In 2017, when legendary Virginia banker Worth Carter died at age 79, West Virginia Gov. Jim Justice mourned the loss of a longtime, trusted financial partner and spoke at Carter’s funeral.
“We grew together,” Justice said. “I knew I could count on him, and always did.”
The chain of community banks that Worth Carter Founded, Martinsville-based Carter Bank & Trust, had been a key to the growth of Justice’s own business empire. Justice has described a relationship built on trust, inspiring deals that could be sealed with a handshake.
But that funeral marked a turn of events that sent Justice’s businesses deeper and deeper into perilous financial territory. The personal relationship is now a high-stakes and acrimonious parting of the ways.
Justice, whose status as West Virginia’s only billionaire was downgraded over the recent troubles, continues his role as the state’s governor. But in the background lurks financial drama that has drawn the attention of the business world.
On the line for the governor is a billion dollars in personal liability.
This month, Justice and his businesses sued Worth Carter’s old community bank chain, seeking to hold it accountable for $421 million in damages. Far from trust, Justice contends new leaders at the bank instituted more and more restrictions, tightening cash flow for the family businesses.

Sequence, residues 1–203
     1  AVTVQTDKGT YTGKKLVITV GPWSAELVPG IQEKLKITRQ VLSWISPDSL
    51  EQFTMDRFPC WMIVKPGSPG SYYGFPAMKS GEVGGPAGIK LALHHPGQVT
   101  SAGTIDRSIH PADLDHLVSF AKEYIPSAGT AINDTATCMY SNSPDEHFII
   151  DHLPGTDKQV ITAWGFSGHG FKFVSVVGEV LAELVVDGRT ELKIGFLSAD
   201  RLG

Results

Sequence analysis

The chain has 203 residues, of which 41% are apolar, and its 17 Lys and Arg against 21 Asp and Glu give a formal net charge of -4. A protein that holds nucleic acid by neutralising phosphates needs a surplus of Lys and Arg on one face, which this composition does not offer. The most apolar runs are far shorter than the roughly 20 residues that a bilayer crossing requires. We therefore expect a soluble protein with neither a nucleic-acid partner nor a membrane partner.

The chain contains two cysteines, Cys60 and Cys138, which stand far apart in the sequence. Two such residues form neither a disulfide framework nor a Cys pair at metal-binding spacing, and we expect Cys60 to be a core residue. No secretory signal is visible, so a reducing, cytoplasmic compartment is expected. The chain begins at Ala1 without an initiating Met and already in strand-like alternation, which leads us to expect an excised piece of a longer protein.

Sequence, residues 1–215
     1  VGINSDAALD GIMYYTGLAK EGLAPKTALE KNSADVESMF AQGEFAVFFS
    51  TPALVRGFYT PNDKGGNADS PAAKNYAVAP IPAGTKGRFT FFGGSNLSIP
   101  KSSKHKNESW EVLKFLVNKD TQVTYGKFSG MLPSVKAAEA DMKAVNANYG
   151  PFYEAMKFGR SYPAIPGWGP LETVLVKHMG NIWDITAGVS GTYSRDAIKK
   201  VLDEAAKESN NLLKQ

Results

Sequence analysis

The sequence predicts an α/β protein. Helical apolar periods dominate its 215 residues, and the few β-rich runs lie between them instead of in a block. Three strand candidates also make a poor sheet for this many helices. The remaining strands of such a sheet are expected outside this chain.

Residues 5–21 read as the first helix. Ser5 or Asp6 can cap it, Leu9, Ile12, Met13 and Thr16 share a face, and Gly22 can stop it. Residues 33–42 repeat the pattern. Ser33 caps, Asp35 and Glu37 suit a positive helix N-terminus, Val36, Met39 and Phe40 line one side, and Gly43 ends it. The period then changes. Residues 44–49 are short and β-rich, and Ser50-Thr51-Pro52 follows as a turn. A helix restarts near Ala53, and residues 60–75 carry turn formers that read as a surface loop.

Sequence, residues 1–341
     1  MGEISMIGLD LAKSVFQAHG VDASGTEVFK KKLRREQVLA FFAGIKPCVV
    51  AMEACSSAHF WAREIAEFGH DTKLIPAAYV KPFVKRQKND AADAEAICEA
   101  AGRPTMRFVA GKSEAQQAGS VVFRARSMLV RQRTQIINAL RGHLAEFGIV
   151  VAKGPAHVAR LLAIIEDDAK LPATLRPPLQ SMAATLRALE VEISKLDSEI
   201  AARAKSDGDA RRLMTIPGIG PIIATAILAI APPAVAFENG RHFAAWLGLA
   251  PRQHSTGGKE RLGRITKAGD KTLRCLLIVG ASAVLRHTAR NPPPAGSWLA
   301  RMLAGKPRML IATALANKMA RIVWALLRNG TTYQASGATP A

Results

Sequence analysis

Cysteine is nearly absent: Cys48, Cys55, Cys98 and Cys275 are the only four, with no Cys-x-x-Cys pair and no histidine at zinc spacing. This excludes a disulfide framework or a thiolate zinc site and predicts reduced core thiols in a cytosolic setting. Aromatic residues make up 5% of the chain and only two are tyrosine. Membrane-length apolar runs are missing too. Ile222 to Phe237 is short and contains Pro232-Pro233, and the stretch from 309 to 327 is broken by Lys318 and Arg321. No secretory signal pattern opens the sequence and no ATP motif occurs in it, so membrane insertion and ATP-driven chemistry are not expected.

“Carter Bank is no longer a ‘lifetime financial partner,’ as it proclaims and as it had acted prior to Worth Carter’s death but a determined, self-proclaimed adversary,” wrote lawyers for multiple businesses owned by the governor and his family.
Justice acknowledges $368 million of outstanding loans with Carter Bank, millions in debt accompanied by the risk of personal guarantees.
That’s on top of a second, bigger financial crisis. When the relationship with Carter Bank started turning sour, the Justice companies partnered with a different financial suitor. That was Greensill Capital, an international financial services firm that went bankrupt this spring.
“We were just trying to pay Carter Bank off, and lo and behold it’s just almost the straw that broke the camel’s back,” Governor Justice said during a state news briefing this month.
Greensill packaged the loans and sold them to investment funds managed by the financial services company Credit Suisse.
Credit Suisse is now pressing to recover lost investments and has has named Justice’s Bluestone Resources as one of three major borrowers from the Greensill funds. That original loan amount was $850 million, and the current debt is $700 million.
Justice acknowledged personally guaranteeing those loans as well. He and his companies have a separate lawsuit against Greensill, contending they were snookered into taking on all that debt.
Together, the lawsuits are a financial nightmare that has developed from what once was rock-solid financial trust.
“You know, Worth Carter died a few years back. He was a great, great man…
Go to the news source: Justice’s debt, built on trust, is now a billion-dollar personal risk